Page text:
Thursday, May 04, 2023


Tons of people have dogs.  Growing up, my older siblings had one or two, but I don't have much recollection.  Until my brother was about 23, that is.  He brought home the most beautiful white husky that, to this very day, surpasses any other that I have laid eyes on.  The merit of this dog beggared belief.  He was loyal, smart, well-trained at his master's hand.  I never claimed any ownership of him, but he was so damn obedient that he made you feel kinship immediately.

That poor animal was laid to rest prematurely, as he crossed the rainbow bridge when my brother pulled over to assist another dog owner with their own wounded animal.  I don't remember all the details, suffice it to say this beautiful dog was struck by a car as my brother crossed the highway.

My eldest brother has had several dogs since that day, mainly of the German Shepherd breed.  They've been loyal dogs as well, owing mainly to my brother's prowess of training dogs to their potential.  But to me, they've never neared the sentimentality I've felt toward that keen animal.

I got a little ahead of myself in my recollection.  Late in my Bountiful, Utah life, my mom may have felt a little bad for me, so she let me have a pretty cute Cocker Spaniel that she quite forcefully named "Crackers" (I wanted QuikSilver, so who knows). I only had that pup a few months before he got ran over by a car in my front yard.  After nursing him back to health, my parents decided it was best if I gave him up.

And then the long dark winter set in, wherein no dogs came into my life.

There were moments during my first marriage where I felt we were ready, but the kids were so young that we just didn't ever pull the trigger.  In hindsight, maybe the best time ever to have a dog is when the kids are young. But I digress.  Everything changed when, in 2017, we adopted a fabulous Goldendoodle.  His codename from the breeders was "Rocket" (all of the litter had Guardians of the Galaxy names), but we loved the name and kept it.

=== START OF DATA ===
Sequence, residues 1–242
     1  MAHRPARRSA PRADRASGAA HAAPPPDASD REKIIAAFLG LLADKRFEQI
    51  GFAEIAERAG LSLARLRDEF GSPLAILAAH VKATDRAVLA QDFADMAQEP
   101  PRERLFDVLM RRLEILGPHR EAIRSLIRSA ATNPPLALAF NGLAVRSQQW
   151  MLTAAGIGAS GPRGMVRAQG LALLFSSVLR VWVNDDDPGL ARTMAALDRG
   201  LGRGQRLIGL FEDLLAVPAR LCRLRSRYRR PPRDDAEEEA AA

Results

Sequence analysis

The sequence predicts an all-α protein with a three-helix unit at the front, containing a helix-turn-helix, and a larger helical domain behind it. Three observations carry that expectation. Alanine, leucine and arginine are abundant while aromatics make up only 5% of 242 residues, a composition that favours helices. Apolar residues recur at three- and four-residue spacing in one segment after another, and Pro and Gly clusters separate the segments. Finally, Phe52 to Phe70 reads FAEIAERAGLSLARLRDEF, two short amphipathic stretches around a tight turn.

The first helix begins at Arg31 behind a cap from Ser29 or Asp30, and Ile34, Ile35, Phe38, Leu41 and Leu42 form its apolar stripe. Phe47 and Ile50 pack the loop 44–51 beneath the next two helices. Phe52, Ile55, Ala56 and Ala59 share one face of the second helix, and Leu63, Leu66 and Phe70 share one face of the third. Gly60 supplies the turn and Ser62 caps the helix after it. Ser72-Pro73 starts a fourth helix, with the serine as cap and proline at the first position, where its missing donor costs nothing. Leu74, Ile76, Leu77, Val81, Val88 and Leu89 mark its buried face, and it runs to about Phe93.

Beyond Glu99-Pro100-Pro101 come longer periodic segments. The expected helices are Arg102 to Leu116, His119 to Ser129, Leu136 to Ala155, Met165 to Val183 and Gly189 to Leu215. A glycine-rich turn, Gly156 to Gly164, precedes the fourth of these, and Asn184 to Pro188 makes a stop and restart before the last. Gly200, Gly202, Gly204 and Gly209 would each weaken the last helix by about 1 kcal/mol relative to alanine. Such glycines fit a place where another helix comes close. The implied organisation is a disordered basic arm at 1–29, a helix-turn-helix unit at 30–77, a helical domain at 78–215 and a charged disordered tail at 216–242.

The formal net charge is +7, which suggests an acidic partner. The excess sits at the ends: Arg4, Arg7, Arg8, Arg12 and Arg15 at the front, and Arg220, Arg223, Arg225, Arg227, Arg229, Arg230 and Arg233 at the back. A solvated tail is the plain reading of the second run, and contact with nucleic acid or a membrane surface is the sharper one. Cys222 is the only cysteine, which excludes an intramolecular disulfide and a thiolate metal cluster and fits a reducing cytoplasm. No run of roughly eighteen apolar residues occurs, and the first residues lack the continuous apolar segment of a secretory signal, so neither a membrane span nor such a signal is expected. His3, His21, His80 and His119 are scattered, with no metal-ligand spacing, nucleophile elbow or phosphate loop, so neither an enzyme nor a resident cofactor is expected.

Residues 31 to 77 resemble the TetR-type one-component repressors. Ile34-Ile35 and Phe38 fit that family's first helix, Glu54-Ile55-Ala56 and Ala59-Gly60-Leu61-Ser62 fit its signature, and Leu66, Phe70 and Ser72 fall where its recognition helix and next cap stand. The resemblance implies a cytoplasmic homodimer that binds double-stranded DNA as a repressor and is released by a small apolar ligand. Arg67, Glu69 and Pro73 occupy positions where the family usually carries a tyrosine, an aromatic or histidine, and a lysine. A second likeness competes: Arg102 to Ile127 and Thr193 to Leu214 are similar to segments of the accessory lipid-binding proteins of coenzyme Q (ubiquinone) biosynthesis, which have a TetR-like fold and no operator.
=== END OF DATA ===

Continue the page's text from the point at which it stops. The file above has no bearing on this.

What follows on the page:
Then the walls of life came crashing down; my marriage dissolved, and Rocket stayed with his mom.  I lived out of apartments and rentals and never had him around.  That sure made my 3 kiddos sad, but they were able to see Rocket weekly when they went back to stay with their mom.

Then, in 2019, I bought my own house.  Within weeks, I was hunting.  And I mean, feverishly searching.  I couldn't see myself with a large dog, and I knew I wanted a girl.  My niece had a really fetchingly smart Aussie, so I started playing around with the idea of a mixed Aussie.  Within a few weeks of closing on my house, I found someone in Gilbert who was selling the last of their litter...a 21 week Aussie-poo that was simply not wanted by anyone.  

I met her and that's all it took.  She rolled over on her back and I patted her belly and didn't even question whether I should or not.  I took the rest of my savings (there wasn't much) and bought her.  Within another day or so, the kids and I decided to call her Trillian

My logic at the time, being a single dad, was to have something to keep me grounded. Something to pull me back home when my kids weren't around.  Another living, breathing soul to fill the empty halls of my house with a fraction of the energy provided by my children.  

You must understand that if my kids weren't home, I would wander aimlessly after work.  Some of those nights were filled by meaningless dates with people I had met via online dating apps, spending way too much money for a dinner conversation that invariably went nowhere.  But most of the time, I would simply wander...driving aimlessly through the streets of the East Valley until I was hungry enough to eat alone at some restaurant and call it a night.

It has been nearly four years now since Trillian entered my life, and while there have been plenty of frustrating moments, vet bills, messes, and early destruction, I am immensely grateful for her spirit.  The qualities of a dog are near endless, but her special ability to entangle herself in my emotions and help me sort them out is priceless.  

So, this is a small tribute to my dog, and maybe to all the dogs come into my life.  Each one of them laid a foundation of knowledge that percolated to the top of my mind when Trillian came into my family.  I hope I have trained her well.  And may she have many more years of keeping me company, and out of trouble.

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